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Title: Improving clinical outcomes in rheumatoid arthritis : a patient centred approach
Author: Pollard, Louise
Awarding Body: King's College London (University of London)
Current Institution: King's College London (University of London)
Date of Award: 2013
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The existing medical model for managing rheumatoid arthritis (RA) focuses on minimising joint inflammation using suppressive treatments. However, patients have broader concerns spanning other symptoms like fatigue and pain and the way their health care is delivered. This thesis used qualitative and quantitative research methods to address three inter-related aspects of clinical care. Firstly, identifying critical challenges for providing patient-centred care. Secondly, defining outcomes important to patients like fatigue and pain and concomitant fibromyalgia. Finally, examining temporal changes in the RA management and evaluating aspects of clinical decision making. Firstly the thesis shows current care is not optimal. Key limitations include: being insufficiently patient-centred, failing to integrate management across the primary/secondary divide, over-emphasising drug treatment and overlooking "whole-person" care. Secondly, care overlooks several crucially important areas to RA patients. Many patients had high levels of fatigue, associated with pain, disability and psychological factors. Their fatigue spanned several domains. Current fatigue questionnaires are heavily weighted towards psychological aspects, and a more balanced assessment is needed. Pain, a dominant RA symptom, is often not directly addressed. The research showed central sensitisation causes persistent pain in many RA patients; it may require different management approaches. The research also characterised patients with the fibromyalgic rheumatoid clinical phenotypes; their higher disease activity scores may not fully reflect disease activity. Despite changes in treatment over the years their disease activity scores have not improved significantly, unlike RA patients in general. Different treatment strategies are needed to improve their outcomes. Finally although patients with high disease activity usually have their treatment changed when reviewed in rheumatology clinics, patients with moderate disease activity often have insufficient treatment changes; patients' age has a significant influence on treatment decisions. Strategies are needed to better target moderate disease activity and overcome the limiting effect of age on treatment decisions.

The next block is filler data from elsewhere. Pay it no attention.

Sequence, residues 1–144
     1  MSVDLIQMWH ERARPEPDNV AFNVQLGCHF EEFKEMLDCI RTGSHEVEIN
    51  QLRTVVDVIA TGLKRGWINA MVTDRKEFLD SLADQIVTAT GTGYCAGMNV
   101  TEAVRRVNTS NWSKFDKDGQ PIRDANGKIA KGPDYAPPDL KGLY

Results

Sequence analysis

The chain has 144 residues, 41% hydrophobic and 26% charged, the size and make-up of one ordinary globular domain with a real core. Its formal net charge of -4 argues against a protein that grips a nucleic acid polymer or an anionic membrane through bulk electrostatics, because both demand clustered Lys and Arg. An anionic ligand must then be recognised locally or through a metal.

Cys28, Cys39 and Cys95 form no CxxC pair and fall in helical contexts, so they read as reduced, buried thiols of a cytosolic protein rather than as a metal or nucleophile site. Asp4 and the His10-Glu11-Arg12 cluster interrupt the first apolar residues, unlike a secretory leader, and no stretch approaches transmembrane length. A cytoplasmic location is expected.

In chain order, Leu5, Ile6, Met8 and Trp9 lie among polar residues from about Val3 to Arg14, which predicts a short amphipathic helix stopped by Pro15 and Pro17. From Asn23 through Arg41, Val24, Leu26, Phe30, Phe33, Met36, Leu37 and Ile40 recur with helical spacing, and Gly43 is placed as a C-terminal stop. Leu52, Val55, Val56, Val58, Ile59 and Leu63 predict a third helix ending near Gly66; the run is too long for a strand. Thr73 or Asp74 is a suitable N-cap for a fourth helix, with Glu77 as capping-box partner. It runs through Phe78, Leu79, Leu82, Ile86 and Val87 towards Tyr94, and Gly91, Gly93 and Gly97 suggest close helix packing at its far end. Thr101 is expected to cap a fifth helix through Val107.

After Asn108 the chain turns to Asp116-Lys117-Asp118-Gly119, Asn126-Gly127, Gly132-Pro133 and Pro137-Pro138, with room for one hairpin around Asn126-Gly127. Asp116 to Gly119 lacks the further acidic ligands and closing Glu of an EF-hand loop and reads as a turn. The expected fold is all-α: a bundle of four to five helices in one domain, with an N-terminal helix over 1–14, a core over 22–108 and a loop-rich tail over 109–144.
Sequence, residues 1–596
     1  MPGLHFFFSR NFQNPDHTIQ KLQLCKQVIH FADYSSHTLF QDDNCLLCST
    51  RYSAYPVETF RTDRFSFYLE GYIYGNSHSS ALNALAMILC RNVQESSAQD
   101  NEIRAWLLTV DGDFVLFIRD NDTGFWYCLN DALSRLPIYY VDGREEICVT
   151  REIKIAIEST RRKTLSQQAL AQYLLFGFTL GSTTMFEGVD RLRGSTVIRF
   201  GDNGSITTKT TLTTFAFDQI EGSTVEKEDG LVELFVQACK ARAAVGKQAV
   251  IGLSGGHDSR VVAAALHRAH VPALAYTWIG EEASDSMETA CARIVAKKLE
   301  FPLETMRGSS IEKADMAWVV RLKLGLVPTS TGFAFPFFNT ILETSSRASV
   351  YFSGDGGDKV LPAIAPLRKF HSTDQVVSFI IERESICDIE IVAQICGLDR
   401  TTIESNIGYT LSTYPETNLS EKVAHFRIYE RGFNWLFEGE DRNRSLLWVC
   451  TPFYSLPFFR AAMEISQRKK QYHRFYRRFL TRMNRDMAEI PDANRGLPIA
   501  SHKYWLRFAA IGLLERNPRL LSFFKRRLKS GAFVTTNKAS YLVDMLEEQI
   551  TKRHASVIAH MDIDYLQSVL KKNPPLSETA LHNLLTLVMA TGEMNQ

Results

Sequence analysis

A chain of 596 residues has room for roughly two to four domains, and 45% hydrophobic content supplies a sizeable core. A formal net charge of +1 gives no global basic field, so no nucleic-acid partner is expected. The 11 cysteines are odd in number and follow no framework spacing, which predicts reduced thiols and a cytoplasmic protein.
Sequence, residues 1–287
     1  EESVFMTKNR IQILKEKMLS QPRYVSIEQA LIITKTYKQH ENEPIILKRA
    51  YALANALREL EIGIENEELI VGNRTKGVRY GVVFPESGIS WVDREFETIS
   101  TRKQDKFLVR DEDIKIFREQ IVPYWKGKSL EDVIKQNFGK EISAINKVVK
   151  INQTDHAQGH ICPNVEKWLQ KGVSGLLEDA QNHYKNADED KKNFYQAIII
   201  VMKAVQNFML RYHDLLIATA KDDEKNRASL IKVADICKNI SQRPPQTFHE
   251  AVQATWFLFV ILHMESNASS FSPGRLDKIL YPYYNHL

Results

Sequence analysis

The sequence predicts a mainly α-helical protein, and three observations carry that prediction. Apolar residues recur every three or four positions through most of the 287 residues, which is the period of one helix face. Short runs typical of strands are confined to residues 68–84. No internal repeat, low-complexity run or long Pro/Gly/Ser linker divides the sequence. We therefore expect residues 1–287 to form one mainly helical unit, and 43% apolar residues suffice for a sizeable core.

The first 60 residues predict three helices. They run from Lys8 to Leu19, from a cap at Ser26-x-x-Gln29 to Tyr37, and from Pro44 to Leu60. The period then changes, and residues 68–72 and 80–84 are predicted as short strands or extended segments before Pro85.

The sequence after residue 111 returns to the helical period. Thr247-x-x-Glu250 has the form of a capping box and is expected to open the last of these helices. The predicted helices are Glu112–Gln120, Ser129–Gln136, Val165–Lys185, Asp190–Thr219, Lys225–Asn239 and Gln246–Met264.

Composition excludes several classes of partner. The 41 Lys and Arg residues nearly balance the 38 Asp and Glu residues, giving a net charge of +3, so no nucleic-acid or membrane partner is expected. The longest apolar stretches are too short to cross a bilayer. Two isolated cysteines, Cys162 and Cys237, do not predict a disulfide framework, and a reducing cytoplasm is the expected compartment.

Supervisor: Not available Sponsor: Not available
Qualification Name: Thesis (Ph.D.) Qualification Level: Doctoral
EThOS ID:  DOI: Not available